Illegal sand quarrying back in Quezon
More News from Delfin T. Mallari Jr.
LUCENA CITY—An official of environmental legal defense center Tanggol Kalikasan in Southern Luzon (TK-SL) has expressed alarm over the resurgence of illegal sand quarrying along the coast of Tayabas Bay in Quezon province.
“We’ve been receiving reports from concerned villagers that small-scale sand mining has returned along the beach of Tayabas Bay, particularly in Sariaya town,” Juliet Borlon-Aparicio, TK-SL officer in charge, told the Inquirer.
On Thursday, a coastal resident in Sariaya also tipped off the Inquirer that illegal sand quarrying was back in Tayabas Bay.
“It is slowly returning. Most of the time, the diggings are being done at night,” said the informant who requested anonymity.
He said most of the illegal mining activities were happening on the shores of Barangays Bignay 2 and Quiling.
Last year, government authorities, who inspected Bignay 2, found the village shoreline showing traces of long years of destructive sand mining that left ugly scars along the shallow coast of Tayabas Bay.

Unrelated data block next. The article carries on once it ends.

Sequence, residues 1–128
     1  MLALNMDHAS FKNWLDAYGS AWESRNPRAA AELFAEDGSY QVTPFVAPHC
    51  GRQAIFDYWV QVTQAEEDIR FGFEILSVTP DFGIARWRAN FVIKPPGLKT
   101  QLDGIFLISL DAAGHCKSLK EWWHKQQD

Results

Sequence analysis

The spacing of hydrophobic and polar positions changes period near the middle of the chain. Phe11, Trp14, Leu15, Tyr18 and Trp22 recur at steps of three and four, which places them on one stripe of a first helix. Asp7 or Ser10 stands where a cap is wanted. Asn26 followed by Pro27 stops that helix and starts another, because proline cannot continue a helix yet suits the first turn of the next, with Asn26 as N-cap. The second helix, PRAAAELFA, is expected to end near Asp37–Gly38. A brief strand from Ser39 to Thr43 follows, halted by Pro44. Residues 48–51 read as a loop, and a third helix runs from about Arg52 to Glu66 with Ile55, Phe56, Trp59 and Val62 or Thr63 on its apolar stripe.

The unabated sand quarrying caused the seawater to advance an estimated 300 meters and occupy a sizeable portion of a coconut farmland, the Inquirer learned from villagers last year.
To show the grave effect of long years of beach quarrying, a villager disclosed that the seawater fronting his hut used to be the village’s softball playing field.
Aparicio said the unlawful sand mining would also destroy the natural condition of the beach which had been identified as favorite nesting sites of “pawikan” or sea turtles.
The shore of Tayabas Bay in Sariaya is now known as “haven of baby sea turtles.”
The Sariaya coastline, host to many beach resorts and other tourist-oriented businesses, serves as sanctuary to turtles that usually come to lay and hatch their eggs from October to December.
With the threat posed by climate change, rising sea levels and frequent storm surges, sand quarrying could hasten the destruction of the bay’s natural condition, according to Aparicio.
Aparicio also expressed alarm over reports from their fellow environmental protection advocates that some parts of the Lamon Bay coast in Mauban and Atimonan towns had been showing signs of advancing seawater.
She called on local, provincial and national government agencies to immediately investigate to address the “alarming signs.”
Last week, the World Bank in its global report “Turn Down the Heat: Climate Extremes, Regional Impacts and the Case for Resilience” warned that climate change was expected to lead to more severe typhoons, higher sea levels and storm surges.
Last Saturday, the beach of Puerto del Mar in Candelaria, Zambales, collapsed and around 80 to 100 meters of shoreline slumped to a depth of 2 meters.
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